If a supply chain is stuck in the past, utilizing digital tools to take data collection and inventory control to the next level should be high on the priority list. According to Forbes, many supply chains fail to embrace the new technology that other departments within a company update continually. Because the basic process of pick, pack and ship has remained fairly static, managers may miss how improved technology can create a more efficient and profitable supply chain.
Why it's the Right Time for Technology
While some industrial processes have remained the same, there is a benefit to adding new technology when it's available . This provides an incredible opportunity to begin redesigning supply chains with end-to-end processes that embrace the needs of the consumer.
Before newer barcode technology, the idea of mobile data collection that connected with ERP systems in real time would have been unheard of. For many companies, early forms of this technology would've been too costly. However, as prices for equipment have fallen, it is more cost-effective than the time, space and employee skills that are wasted creating paper trails for each inventory item and order. Furthermore, that paper trail is harder to sort through when information about an order is needed but not available in real time.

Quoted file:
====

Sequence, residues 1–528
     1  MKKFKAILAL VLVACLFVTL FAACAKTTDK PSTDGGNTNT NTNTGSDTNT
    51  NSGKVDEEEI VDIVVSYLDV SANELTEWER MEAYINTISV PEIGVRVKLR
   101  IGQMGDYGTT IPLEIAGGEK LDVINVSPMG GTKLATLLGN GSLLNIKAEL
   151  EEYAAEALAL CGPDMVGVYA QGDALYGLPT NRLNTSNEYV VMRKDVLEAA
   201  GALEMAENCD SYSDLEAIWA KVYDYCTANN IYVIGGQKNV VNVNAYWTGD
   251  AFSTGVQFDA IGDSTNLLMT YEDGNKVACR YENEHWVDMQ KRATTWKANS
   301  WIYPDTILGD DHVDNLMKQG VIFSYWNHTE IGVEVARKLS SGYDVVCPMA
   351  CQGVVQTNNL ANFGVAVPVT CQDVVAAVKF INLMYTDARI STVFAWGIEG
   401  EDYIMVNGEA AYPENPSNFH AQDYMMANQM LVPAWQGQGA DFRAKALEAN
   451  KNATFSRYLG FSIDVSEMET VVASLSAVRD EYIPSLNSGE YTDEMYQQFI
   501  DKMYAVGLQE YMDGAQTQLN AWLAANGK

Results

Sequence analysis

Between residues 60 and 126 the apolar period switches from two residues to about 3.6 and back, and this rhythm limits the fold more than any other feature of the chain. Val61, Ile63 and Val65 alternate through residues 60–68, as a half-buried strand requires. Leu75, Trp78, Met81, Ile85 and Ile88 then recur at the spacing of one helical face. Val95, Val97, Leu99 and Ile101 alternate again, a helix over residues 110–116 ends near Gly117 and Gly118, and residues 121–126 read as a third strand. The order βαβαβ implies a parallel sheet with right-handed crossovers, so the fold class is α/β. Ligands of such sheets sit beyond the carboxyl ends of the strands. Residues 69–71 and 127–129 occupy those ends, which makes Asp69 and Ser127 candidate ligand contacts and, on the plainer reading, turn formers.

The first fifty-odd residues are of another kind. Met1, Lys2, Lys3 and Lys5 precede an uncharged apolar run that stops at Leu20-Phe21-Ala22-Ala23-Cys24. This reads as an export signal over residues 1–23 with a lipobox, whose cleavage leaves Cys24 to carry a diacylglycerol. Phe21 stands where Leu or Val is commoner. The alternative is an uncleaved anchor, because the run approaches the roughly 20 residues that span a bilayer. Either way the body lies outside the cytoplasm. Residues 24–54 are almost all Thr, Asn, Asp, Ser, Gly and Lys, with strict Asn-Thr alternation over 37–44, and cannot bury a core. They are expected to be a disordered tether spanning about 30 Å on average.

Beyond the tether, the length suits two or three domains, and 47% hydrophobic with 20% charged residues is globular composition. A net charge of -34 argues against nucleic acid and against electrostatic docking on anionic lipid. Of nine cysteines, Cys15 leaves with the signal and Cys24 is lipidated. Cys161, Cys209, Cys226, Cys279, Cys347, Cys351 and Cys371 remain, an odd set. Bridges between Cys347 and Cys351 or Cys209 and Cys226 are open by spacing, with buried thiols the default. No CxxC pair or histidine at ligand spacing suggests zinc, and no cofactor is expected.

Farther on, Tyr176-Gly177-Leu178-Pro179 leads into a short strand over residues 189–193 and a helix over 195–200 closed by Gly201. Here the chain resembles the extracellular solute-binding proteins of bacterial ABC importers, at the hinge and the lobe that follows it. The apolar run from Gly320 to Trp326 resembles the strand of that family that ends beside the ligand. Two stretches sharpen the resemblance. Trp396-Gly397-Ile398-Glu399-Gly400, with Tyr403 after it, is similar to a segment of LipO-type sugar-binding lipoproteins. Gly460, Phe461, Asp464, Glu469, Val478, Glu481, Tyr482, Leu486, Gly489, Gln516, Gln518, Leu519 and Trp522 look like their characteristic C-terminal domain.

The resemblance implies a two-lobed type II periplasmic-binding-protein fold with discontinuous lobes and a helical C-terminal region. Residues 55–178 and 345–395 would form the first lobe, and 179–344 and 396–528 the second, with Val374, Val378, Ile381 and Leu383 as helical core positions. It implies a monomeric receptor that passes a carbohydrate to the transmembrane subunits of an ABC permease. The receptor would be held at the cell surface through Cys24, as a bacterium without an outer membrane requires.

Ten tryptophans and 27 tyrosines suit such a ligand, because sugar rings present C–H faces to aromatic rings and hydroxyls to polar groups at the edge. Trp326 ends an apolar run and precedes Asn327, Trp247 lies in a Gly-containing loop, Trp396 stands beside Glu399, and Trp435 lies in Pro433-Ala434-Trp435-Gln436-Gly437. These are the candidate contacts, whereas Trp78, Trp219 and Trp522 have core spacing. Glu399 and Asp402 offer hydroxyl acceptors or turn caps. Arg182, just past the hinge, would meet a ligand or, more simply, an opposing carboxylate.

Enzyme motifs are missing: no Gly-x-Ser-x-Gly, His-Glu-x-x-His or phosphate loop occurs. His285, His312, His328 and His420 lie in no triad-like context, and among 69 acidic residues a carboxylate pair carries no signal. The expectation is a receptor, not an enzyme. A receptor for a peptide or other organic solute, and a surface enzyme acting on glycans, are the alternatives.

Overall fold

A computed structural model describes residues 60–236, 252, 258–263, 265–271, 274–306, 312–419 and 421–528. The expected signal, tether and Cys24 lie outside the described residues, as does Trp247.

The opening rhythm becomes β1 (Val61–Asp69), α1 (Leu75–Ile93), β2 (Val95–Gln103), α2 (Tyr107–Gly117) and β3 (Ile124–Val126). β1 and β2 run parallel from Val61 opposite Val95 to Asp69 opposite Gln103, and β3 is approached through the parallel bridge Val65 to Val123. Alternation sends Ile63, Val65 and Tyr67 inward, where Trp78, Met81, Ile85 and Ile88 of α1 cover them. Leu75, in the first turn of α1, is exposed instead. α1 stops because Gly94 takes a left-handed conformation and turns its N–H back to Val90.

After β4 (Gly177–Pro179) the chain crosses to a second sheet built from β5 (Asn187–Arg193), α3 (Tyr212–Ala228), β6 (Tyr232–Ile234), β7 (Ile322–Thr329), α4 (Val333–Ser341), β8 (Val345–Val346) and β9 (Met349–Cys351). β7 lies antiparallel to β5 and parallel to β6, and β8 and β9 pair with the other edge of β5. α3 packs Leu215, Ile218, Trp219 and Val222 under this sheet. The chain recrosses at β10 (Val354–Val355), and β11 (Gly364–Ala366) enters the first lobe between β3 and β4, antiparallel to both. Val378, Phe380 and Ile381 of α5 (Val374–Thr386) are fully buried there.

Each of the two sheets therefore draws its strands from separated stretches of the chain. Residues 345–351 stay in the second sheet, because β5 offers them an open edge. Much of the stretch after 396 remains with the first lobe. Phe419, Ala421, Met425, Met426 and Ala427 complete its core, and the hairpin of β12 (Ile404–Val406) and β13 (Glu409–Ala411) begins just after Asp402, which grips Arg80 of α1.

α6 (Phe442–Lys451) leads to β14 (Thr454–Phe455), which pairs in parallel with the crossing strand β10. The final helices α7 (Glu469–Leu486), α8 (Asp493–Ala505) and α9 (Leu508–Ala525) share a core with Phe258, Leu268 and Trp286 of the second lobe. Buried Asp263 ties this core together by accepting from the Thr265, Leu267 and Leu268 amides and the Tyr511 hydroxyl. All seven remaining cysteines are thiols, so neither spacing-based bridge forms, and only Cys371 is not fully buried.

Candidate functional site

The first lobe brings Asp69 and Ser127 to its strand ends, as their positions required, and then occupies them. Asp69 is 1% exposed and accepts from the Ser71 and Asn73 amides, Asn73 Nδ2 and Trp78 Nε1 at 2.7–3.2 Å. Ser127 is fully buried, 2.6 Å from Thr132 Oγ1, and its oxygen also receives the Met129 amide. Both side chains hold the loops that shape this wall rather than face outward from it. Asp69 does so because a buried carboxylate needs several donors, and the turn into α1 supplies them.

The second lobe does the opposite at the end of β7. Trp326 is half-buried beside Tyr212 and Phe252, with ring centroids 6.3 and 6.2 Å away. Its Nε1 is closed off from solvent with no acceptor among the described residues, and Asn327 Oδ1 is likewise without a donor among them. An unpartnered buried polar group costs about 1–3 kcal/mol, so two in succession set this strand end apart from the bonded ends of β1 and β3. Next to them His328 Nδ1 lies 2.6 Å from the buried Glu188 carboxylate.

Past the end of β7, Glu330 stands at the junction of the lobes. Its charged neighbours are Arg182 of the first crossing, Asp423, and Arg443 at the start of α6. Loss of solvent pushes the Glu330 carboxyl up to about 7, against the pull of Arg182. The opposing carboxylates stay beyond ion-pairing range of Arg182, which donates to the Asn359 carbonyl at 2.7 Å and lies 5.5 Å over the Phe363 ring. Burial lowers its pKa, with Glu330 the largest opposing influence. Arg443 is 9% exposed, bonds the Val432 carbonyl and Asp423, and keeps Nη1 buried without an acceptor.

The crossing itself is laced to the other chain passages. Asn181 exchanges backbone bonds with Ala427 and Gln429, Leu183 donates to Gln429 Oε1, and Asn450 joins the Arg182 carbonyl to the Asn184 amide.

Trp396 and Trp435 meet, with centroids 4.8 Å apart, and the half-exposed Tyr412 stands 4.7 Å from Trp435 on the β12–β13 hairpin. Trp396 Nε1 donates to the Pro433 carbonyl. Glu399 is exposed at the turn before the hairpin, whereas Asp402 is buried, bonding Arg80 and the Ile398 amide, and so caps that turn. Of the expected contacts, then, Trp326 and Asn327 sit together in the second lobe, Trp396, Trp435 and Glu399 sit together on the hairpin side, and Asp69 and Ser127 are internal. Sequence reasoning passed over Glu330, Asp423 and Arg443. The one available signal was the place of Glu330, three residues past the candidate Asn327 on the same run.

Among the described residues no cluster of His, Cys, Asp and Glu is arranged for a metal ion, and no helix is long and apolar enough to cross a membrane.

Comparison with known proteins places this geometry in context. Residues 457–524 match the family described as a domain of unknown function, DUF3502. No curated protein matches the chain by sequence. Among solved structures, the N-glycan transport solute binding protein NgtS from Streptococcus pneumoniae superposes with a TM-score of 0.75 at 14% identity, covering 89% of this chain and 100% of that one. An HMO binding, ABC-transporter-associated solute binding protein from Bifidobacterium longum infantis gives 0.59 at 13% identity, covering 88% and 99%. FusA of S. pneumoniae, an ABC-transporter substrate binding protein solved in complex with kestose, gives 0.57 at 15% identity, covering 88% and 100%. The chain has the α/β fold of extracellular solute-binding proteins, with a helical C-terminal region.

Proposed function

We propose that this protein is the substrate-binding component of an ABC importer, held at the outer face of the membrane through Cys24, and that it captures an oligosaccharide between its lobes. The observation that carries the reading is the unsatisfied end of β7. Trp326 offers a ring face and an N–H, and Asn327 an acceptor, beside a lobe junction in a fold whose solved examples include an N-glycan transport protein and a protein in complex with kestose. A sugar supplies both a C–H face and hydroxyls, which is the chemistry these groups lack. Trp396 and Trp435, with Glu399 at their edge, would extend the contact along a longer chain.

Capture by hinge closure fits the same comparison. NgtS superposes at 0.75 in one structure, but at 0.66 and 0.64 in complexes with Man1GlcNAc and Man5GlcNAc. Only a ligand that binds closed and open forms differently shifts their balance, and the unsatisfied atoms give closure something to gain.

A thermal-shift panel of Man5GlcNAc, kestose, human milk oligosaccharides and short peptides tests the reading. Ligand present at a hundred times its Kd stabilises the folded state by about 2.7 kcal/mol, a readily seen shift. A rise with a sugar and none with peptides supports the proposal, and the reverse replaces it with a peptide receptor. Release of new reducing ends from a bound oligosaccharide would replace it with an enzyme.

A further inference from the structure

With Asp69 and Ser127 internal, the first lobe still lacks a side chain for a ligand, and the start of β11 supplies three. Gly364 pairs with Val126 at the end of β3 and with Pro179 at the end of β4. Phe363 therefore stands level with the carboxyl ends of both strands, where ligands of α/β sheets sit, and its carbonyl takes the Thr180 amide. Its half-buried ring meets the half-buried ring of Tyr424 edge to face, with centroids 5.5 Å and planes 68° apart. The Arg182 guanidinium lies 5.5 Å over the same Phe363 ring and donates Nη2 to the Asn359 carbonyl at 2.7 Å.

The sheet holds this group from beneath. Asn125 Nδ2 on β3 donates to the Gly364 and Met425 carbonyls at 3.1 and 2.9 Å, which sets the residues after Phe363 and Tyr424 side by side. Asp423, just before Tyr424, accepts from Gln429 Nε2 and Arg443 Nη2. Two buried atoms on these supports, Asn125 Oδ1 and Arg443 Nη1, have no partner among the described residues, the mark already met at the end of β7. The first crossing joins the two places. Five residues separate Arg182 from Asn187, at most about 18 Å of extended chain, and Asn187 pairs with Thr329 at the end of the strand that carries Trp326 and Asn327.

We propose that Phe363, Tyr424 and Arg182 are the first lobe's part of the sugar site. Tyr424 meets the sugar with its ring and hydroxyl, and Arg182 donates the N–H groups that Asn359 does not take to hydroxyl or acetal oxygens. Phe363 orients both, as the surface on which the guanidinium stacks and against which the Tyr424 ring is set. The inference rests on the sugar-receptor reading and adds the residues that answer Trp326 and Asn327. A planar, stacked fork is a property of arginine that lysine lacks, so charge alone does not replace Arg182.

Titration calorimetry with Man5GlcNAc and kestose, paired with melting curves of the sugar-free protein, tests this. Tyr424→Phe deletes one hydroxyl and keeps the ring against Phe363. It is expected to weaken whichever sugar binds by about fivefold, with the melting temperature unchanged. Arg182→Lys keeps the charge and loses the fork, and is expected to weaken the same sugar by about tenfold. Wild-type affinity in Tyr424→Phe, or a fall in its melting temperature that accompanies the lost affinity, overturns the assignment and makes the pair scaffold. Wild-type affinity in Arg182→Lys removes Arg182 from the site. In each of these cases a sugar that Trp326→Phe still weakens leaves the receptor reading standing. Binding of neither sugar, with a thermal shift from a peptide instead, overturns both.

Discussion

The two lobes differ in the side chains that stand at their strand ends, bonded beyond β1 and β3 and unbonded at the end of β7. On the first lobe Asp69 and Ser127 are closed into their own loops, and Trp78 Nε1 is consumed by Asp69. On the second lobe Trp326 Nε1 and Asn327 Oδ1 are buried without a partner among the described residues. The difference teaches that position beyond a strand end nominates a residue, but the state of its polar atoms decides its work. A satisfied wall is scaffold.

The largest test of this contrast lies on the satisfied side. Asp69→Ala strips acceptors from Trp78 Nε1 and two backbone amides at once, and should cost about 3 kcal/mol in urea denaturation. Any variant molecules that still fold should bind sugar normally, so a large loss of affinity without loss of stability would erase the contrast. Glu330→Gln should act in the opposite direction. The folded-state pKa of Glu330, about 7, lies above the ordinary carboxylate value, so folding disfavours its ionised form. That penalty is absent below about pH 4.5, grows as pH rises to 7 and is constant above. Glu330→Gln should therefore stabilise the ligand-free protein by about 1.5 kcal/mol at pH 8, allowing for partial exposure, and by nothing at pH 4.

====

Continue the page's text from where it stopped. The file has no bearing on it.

New Technology is Available for Processes Throughout the Supply Chain
Mobile data collection allows for the real-time collection of data at almost any point in the supply chain. It is one of the most exciting technologies for supply chain managers because it provides a broader view of what occurs among suppliers and distributors. However, other technologies used in the warehouse are also gaining ground:
- Voice picking software: Systems that allow workers to use voice-activated commands to input data improve safety and efficiency and reduce errors by nearly 100 percent.
- Automated data collection: Increasing the number of data collection points within the supply chain improves the accuracy of the information.
Managers may have different reasons for refraining from implementing new technology, but an analysis of current costs matched with the savings of new technology may change their minds. Others may have to convince executives of the potential of an end-to-end supply chain supported by new technology. Whatever the case, the majority of supply chain managers should start pushing for more technology.